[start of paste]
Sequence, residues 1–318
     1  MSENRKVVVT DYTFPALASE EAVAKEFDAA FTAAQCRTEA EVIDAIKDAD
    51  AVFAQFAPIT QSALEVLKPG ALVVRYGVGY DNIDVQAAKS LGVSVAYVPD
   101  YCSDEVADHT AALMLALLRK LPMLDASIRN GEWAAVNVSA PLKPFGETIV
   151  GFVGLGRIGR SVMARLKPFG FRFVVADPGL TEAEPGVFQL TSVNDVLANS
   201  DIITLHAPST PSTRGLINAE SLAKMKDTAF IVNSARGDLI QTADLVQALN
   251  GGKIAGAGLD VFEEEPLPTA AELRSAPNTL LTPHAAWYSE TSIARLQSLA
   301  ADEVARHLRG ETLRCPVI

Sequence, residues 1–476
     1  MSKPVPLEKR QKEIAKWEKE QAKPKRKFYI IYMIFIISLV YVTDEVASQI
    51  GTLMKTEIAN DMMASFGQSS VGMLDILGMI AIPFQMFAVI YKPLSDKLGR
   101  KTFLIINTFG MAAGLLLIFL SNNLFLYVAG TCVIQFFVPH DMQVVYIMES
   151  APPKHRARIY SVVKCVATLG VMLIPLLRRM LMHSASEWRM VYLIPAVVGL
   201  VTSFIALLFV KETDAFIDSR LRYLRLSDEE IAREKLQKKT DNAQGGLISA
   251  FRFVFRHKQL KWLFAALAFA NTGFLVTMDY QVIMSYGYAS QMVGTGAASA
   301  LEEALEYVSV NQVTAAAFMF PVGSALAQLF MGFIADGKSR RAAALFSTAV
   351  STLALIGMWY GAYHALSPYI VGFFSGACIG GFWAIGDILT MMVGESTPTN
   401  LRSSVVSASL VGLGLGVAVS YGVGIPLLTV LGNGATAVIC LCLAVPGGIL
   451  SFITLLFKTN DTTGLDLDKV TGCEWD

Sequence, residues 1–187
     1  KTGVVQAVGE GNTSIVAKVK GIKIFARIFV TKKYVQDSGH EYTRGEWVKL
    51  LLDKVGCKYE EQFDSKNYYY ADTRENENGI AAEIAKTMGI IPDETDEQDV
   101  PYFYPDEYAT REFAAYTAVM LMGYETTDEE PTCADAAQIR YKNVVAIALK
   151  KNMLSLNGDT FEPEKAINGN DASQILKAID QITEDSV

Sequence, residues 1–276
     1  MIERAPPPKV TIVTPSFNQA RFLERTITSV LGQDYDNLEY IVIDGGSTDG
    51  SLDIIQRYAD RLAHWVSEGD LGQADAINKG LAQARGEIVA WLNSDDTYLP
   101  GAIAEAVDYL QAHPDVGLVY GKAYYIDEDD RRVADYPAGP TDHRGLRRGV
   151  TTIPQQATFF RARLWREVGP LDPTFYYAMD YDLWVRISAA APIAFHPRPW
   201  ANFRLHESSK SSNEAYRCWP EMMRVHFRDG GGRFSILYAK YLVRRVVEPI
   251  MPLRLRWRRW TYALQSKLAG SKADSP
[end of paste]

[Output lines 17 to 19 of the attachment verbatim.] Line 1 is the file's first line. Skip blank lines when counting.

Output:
   351  STLALIGMWY GAYHALSPYI VGFFSGACIG GFWAIGDILT MMVGESTPTN
   401  LRSSVVSASL VGLGLGVAVS YGVGIPLLTV LGNGATAVIC LCLAVPGGIL
   451  SFITLLFKTN DTTGLDLDKV TGCEWD